In late-June, having received the checks from Industry Partners, and having heard nothing from WMC Corp. in response to her cancellation notice, Mrs. Baker called First Guarantee and spoke with either Stacy or Clarissa about the rescission, asking whether the Bakers should return the checks. Mrs. Baker made additional calls to First Guarantee about the rescission and faxed the Notice of Right to Cancel to First Guarantee, which was unaware of the Notice.*fn6 She did not contact WMC Corp. about the rescission after mailing the Notice of Right to Cancel. Tr. vol. 1, 210-11.
On July 29, 2005, WMC Corp. sold the Bakers' loan to Goldman Sachs for $159,999.47. Tr. vol. 1, 106-07; Ex. P-16B. In September 2005, Litton Loan Servicing (Litton) began servicing the loan, which was already past due. Tr. vol. 1, 48. Litton thereafter attempted to contact Mrs. Baker about the loan by mail and by phone.
On September 26, 2005, Litton sent Mrs. Baker a "Validation of Debt Notice," notifying her that Litton was collecting a $158,343.76 debt she owed to Goldman Sachs Whole Loans, and advising that Litton would assume the debt to be valid unless she disputed its validity within 30 days. Ex. P-14A. Mrs. Baker did not respond to the notice. Tr. vol. 1, 35, 211.
Also in September 2005, Litton began calling the Bakers regarding the loan at their home. Between September 2005 and June 2007, Litton placed more than 100 calls to the Bakers' home, but never spoke with anyone.*fn7
In October 2005, Litton sent Mrs. Baker a "Notice of Default and Intent to Accelerate" and the "Act 91 Notice" required under Pennsylvania law. The Notice of Default stated Mrs. Baker's mortgage loan was in default and advised that, to cure the default, she would have to pay the $3,085.53 then due and owing on her note and mortgage. Ex. P-14B. The letter also advised Mrs. Baker that failure to cure the default within 45 days would result in acceleration of the maturity date of the note and referral of the property for foreclosure. Id. The Act 91 Notice advised Mrs. Baker of the default, how to cure it, and the consequences should she fail to cure it, and provided information regarding the Homeowner's Emergency Mortgage Assistance Program. Ex. P-14C. In addition, Litton sent Mrs. Baker other communications regarding the loan, including billing statements and letters regarding a possible foreclosure in November and December 2006 and January 2006. Exs. P-14D to P-14H; Tr. vol. 1, 39-43.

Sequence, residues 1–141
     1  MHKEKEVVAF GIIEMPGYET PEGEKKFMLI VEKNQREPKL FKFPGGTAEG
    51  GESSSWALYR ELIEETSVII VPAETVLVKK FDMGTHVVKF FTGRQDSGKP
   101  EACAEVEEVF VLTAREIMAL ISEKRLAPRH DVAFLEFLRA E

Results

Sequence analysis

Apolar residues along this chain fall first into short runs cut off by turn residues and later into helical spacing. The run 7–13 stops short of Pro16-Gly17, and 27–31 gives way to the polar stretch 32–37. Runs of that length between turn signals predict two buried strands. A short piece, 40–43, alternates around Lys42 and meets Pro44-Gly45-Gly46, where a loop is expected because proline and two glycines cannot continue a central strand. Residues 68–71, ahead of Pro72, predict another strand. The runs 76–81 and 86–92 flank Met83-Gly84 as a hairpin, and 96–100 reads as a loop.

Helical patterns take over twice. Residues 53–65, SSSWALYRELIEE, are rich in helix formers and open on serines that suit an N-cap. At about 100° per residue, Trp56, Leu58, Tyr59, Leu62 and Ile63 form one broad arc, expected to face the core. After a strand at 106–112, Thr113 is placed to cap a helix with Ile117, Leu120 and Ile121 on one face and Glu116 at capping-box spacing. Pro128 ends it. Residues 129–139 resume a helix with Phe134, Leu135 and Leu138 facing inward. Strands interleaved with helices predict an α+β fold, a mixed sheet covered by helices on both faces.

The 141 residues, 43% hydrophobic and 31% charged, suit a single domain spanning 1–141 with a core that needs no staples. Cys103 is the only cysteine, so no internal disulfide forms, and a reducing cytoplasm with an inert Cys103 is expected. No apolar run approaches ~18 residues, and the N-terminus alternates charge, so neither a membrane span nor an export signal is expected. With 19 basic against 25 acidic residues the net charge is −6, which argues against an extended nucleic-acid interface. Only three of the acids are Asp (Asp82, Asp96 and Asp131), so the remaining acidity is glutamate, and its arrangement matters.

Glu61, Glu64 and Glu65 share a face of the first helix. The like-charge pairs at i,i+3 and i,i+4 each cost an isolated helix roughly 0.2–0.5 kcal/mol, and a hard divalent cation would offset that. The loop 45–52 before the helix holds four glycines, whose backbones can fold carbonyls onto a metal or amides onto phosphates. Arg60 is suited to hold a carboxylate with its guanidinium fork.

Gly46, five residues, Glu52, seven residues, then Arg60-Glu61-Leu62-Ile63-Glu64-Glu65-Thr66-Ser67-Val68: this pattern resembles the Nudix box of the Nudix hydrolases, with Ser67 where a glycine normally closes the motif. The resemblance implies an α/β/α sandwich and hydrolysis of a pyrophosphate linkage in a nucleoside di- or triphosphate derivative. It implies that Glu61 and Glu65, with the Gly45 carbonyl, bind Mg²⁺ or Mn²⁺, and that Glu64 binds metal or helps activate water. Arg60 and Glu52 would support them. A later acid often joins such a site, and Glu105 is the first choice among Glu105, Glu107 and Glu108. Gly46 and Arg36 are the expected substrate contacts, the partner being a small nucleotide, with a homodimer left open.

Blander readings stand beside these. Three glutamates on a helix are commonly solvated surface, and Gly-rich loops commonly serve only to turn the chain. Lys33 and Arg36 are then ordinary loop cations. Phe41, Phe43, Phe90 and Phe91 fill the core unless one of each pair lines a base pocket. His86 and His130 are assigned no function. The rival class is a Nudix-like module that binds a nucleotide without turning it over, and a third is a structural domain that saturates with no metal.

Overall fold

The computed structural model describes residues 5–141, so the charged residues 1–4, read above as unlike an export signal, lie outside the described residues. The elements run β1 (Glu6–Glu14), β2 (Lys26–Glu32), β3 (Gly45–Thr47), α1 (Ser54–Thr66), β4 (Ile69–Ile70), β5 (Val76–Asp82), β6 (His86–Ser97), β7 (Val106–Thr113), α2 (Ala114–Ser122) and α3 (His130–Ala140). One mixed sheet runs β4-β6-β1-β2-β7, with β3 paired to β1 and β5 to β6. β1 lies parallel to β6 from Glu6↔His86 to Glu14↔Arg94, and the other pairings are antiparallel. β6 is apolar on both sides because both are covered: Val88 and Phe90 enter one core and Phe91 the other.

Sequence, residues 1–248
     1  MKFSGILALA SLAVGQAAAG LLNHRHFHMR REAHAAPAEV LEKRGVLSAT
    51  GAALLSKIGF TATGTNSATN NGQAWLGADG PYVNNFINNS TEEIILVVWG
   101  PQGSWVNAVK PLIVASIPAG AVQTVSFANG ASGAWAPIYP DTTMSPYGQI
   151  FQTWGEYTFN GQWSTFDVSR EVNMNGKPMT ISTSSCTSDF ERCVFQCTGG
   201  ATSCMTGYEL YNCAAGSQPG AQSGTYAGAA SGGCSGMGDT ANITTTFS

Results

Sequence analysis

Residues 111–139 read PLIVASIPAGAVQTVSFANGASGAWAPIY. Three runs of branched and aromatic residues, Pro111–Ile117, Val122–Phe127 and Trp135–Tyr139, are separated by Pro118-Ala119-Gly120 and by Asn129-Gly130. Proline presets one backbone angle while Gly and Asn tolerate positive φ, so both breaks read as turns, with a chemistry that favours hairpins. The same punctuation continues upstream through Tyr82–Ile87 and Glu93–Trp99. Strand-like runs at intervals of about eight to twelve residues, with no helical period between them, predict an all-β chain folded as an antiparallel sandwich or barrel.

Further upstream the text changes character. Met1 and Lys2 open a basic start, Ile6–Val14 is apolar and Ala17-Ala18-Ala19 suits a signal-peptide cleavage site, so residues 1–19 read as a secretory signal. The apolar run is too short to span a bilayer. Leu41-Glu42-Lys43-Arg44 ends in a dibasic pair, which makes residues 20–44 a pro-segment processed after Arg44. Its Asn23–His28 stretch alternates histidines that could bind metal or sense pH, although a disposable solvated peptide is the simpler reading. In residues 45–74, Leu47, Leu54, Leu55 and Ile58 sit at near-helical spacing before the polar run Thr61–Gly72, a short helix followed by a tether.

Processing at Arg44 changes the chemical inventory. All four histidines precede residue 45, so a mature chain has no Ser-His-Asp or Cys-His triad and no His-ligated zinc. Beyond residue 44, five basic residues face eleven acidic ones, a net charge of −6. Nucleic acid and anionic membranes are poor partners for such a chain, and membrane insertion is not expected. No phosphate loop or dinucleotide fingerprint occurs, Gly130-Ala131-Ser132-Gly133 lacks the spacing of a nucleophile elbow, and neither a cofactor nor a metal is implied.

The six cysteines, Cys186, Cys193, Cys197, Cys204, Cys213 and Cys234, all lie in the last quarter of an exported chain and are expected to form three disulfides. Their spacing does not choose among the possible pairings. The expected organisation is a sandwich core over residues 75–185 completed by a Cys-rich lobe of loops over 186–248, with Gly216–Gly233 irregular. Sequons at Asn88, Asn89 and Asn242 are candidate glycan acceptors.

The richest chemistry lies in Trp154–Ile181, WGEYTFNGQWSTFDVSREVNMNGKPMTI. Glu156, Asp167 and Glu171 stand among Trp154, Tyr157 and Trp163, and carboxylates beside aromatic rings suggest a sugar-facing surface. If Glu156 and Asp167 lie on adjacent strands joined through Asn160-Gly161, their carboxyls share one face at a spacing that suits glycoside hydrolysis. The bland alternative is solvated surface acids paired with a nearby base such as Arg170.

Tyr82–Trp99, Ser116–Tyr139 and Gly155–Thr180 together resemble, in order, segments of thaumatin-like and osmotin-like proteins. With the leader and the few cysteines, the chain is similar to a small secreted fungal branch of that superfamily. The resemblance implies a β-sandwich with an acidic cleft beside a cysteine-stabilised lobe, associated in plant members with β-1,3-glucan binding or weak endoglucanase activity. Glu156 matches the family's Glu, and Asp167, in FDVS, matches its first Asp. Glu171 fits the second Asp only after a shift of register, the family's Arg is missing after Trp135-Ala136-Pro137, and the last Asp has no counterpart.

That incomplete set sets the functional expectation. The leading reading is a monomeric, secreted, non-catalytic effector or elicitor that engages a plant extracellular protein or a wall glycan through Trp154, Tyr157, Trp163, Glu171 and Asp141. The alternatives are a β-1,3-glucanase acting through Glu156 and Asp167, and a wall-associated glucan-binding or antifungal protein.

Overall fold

Although Mrs. Baker did not recall receiving any particular notice from Litton, Mr. Baker acknowledged he and his wife received letters from Litton claiming they owed a debt on their home. The Bakers kept the letters in a file, recognizing they might be important, but did not respond to any of them, as they had sent their rescission notice to WMC and had communicated about the matter with the broker, and they did not believe they had any business with Litton. Tr. vol. 1, 211, 214-16, 252-54, Tr. vol. 2, 3-4.
In March 2006, Industry Partners issued a series of new checks to four of the Bakers' creditors. Ex. P-8D. These new checks were written to the same creditors, in the same amounts, as the checks Industry Partners had previously issued on June 15, 2005. Id. Unlike the June 2005 checks, which were sent to the Bakers, who kept them, the March 2006 replacement checks were sent to the creditors, who cashed them.*fn8
In April 2006, Mr. Baker spoke with Clarissa from First Guarantee, who threatened to put a "lockbox" on the Bakers' house. Tr. vol. 2, 4, 177, 180. Thereafter, on April 19, 2006, Mrs. Baker faxed a copy of the Notice of Right to Cancel she had signed on June 7, 2005, to Dave Skinner, Vice President, Credit and Operations, at First Guarantee. Tr. vol. 2, 177, 180-81; Ex. D-5. The fax referenced the "difficult time" the Bakers had experienced in working with First Guarantee and expressed Mrs. Baker's hope that communication with Skinner would "continue until things are resolved." It does not appear, however, that the Bakers had any further interactions with Skinner.*fn9
On April 22, 2006, WMC Corp. repurchased the Bakers' loan from Goldman Sachs for $164,985.57. Tr. vol. 1, 107, 109; Ex. P-16C. Taylor testified WMC Corp. was required to buy the loan back for "early payment default" ...